Mon Jun 4, 2007 3:42 PM BST
LONDON, June 4 (Reuters) - Britain's NETeller Plc said on Monday it had agreed to a plan for U.S. customers to access their money for the first time since the online payment processor's U.S. funds were frozen in February.
On Feb. 8, NETeller said U.S. prosecutors had seized up to $55 million, stopping U.S. customers from accessing their money.
NETeller quit the United States in January, abandoning two thirds of its business after authorities arrested its Canadian founders. Stephen Lawrence and John Lefebvre were charged with handling billions of dollars in illegal gambling proceeds.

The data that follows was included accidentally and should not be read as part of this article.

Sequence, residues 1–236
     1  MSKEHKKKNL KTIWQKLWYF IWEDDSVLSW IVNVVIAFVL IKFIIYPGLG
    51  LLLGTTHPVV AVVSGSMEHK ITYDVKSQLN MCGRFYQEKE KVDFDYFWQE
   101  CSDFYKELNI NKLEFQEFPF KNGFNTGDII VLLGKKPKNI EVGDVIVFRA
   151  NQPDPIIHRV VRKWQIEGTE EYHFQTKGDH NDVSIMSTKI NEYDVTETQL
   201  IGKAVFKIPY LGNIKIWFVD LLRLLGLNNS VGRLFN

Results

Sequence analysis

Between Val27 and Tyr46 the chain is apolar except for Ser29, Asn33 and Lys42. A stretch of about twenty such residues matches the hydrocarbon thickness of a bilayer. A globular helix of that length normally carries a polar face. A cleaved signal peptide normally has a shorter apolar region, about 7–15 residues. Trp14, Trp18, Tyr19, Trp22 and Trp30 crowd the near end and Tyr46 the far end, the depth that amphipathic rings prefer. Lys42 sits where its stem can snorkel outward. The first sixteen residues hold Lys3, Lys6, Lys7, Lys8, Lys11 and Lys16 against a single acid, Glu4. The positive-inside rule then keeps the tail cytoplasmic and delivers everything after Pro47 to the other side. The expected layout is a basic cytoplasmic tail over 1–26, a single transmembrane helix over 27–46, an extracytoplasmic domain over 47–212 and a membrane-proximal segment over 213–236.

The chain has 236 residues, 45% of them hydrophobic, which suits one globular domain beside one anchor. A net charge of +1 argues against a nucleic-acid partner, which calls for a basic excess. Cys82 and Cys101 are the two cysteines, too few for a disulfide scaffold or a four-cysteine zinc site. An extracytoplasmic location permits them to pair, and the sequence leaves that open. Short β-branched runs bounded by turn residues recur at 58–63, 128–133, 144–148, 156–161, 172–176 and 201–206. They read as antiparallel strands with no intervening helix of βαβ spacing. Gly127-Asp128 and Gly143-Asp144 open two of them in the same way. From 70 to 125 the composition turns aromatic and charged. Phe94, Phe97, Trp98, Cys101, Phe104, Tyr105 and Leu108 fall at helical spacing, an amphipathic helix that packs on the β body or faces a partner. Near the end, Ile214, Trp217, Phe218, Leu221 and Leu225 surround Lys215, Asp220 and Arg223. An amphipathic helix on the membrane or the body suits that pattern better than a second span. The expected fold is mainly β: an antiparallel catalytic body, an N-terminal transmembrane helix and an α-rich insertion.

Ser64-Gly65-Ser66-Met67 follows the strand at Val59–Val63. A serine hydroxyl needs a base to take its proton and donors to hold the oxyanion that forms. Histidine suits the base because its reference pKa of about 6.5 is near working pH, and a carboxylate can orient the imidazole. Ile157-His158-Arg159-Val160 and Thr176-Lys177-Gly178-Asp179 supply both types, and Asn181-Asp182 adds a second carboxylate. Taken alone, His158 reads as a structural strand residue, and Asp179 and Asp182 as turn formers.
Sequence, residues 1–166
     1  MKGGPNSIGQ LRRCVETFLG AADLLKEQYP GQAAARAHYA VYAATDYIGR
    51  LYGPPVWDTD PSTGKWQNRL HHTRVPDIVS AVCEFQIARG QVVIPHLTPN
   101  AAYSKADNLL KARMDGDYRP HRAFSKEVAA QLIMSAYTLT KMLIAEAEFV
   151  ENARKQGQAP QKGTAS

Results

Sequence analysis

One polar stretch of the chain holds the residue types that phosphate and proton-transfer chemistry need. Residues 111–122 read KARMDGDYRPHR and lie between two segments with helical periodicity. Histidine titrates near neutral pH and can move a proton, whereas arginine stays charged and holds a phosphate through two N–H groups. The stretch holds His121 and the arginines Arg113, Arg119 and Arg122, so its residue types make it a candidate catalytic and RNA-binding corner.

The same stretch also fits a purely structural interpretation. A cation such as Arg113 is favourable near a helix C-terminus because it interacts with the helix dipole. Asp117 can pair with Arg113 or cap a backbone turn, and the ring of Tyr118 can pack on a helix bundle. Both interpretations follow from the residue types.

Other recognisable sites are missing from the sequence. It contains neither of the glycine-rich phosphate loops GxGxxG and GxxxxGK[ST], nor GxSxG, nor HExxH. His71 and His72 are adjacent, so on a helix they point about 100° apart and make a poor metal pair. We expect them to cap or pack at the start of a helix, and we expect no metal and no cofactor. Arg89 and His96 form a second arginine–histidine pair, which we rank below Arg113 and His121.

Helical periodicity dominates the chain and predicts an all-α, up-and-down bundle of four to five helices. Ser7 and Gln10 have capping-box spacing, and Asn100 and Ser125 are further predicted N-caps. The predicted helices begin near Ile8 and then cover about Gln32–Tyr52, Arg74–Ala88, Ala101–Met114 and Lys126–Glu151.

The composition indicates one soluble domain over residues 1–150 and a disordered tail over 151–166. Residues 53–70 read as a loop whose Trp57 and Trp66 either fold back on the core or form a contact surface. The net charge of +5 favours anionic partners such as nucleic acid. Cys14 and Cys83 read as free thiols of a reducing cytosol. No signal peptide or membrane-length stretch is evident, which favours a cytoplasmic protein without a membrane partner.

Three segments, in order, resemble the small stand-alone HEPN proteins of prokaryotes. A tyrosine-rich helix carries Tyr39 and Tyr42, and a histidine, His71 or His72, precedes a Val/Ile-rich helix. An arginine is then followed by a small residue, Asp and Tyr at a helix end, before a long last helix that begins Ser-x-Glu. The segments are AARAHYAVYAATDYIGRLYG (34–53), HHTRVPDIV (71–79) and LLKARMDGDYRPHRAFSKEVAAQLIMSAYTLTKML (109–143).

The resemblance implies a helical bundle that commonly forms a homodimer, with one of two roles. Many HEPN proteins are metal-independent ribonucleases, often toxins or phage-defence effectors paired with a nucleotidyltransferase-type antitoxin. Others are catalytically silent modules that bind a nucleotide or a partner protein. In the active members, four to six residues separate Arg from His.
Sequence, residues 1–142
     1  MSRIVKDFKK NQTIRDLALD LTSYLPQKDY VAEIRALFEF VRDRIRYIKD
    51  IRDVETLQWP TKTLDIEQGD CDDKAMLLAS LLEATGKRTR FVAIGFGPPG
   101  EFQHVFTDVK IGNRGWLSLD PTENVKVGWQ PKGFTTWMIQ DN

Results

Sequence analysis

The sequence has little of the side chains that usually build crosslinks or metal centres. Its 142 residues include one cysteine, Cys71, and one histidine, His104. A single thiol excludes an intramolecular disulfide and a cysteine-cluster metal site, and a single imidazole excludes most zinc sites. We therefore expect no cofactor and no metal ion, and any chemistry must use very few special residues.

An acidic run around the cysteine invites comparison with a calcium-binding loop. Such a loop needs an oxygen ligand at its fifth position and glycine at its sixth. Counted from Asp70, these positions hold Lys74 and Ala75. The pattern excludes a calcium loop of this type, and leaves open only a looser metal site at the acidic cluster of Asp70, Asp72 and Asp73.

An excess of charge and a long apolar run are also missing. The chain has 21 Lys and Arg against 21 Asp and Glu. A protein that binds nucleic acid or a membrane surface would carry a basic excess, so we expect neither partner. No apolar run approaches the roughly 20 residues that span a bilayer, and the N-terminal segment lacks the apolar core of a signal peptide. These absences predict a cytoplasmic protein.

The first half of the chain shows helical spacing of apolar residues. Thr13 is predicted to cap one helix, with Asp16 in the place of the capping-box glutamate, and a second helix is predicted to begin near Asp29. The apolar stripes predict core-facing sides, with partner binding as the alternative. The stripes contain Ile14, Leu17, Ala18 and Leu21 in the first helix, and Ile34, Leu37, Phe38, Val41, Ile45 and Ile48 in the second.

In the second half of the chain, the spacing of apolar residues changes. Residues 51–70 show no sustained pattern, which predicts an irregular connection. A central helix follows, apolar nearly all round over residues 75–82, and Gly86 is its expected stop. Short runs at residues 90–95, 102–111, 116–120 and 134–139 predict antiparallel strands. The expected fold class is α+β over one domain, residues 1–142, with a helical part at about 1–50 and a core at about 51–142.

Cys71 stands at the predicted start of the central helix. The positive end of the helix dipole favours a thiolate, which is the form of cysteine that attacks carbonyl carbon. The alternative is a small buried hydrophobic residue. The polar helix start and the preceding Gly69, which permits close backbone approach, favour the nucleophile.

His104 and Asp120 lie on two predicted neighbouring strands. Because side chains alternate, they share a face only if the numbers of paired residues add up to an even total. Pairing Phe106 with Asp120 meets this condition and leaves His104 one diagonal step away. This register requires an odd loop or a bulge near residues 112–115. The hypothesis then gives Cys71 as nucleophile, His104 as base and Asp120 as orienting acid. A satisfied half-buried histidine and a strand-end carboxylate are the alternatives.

The legality of Internet gambling in the United States was ambiguous for many years but it was effectively banned last Oct. 13 when President George W. Bush signed legislation outlawing gaming financial transactions.
NETeller said in a statement on Monday that under the agreed distribution plan it would email customers with details of when they can log on to their accounts to request a repayment. Customers will not receive any interest and NETeller will not make any charge.
NETeller also said in a statement it was still cooperating with an investigation by the U.S. Attorney's Office (USAO) for the southern district of New York.
"The company has advised the USAO that it will use its best efforts to resolve the investigation no later than July 13," said NETeller whose shares are suspended.